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image: Donor Stem Cells Improve Cardiac Function

Donor Stem Cells Improve Cardiac Function

By | October 12, 2016

After a heart attack, monkeys given induced pluripotent stem cell–derived cardiomyocytes show more regeneration in the organ, but with risks.

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image: An Evolutionary History

An Evolutionary History

By | October 1, 2016

Celebrating 30 years and a resurrection

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image: Stem Cells Made Waves in Biology and Medicine

Stem Cells Made Waves in Biology and Medicine

By | October 1, 2016

Since their introduction to the lab, pluripotent stem cells have gone from research tool to therapeutic, but the journey has been rocky.

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image: Thirty Years of Progress

Thirty Years of Progress

By | October 1, 2016

Since The Scientist published its first issue in October 1986, life-science research has transformed from a manual and often tedious task to a high-tech, largely automated process of unprecedented efficiency.

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Matching the immunological characteristics of donor retinal cells to those of the recipient can reduce the chance of rejection.

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Tips on how to surmount the challenges of working with CRISPR to manipulate genes in human stems cells to study their function in specific diseases or to correct genetic defects in patient cells.

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image: Stem Cells Drive Cancer Risk in Mice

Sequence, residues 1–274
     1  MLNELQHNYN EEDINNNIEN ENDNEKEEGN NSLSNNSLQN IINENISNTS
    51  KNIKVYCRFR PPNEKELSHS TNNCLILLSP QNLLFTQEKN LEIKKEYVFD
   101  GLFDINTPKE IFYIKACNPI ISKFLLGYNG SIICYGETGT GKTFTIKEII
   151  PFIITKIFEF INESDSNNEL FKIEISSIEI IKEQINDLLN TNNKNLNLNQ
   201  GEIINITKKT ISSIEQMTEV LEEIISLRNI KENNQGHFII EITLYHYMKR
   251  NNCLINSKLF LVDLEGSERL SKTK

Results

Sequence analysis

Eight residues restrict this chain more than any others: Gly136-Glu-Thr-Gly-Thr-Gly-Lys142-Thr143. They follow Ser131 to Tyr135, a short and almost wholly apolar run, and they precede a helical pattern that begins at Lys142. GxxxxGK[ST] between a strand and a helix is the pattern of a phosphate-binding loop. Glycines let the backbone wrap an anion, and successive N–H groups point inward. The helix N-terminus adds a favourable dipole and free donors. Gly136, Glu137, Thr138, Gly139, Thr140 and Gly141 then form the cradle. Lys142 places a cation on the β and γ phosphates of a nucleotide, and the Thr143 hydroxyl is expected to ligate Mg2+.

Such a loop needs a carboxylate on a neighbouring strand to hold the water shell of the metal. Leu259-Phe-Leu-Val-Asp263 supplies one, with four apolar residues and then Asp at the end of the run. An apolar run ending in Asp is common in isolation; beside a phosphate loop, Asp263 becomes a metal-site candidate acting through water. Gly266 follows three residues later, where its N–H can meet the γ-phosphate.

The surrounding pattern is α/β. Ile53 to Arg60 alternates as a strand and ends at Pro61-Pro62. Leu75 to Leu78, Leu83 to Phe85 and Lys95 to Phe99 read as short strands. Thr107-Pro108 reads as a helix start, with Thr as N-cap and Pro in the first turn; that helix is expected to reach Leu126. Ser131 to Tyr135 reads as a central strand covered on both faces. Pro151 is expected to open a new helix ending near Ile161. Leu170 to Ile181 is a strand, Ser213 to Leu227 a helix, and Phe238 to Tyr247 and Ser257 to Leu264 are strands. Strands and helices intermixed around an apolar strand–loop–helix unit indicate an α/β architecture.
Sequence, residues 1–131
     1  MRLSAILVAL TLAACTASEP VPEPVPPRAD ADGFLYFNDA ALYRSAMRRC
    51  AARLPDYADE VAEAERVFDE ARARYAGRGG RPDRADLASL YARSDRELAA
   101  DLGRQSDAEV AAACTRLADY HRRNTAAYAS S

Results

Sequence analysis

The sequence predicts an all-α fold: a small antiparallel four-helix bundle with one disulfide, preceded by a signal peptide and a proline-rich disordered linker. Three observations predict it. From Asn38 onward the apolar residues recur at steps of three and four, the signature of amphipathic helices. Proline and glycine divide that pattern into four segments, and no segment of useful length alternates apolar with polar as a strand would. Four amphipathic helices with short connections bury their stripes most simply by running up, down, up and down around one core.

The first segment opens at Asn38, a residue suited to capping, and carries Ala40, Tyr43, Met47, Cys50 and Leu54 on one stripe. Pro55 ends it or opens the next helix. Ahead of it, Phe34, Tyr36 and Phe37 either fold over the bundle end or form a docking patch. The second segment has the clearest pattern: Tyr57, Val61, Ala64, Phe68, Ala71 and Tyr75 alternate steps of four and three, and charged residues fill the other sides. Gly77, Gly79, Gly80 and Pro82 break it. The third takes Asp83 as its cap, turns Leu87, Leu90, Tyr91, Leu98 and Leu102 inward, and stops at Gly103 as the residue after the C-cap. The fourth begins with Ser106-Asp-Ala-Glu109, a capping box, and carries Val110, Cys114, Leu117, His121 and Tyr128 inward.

Stem Cells Drive Cancer Risk in Mice

By | August 26, 2016

Mutations that arise during stem cell division contribute to the development of cancers in a variety of organs, according to a study.

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image: Zika Infects Adult Neural Progenitors Too

Zika Infects Adult Neural Progenitors Too

By | August 18, 2016

A mouse study shows that the virus has tropism for adult proliferative neural progenitor cells and immature neurons.

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image: NIH Reveals Plan to Fund Human-Animal Chimeras

NIH Reveals Plan to Fund Human-Animal Chimeras

By | August 4, 2016

The public gets to weigh in before the US government lifts its ban on such research.

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image: Nailing Down HAR Function

Nailing Down HAR Function

By | August 1, 2016

A remaining challenge in the study of human accelerated regions (HARs) is establishing their specific functions during development and other biological processes.

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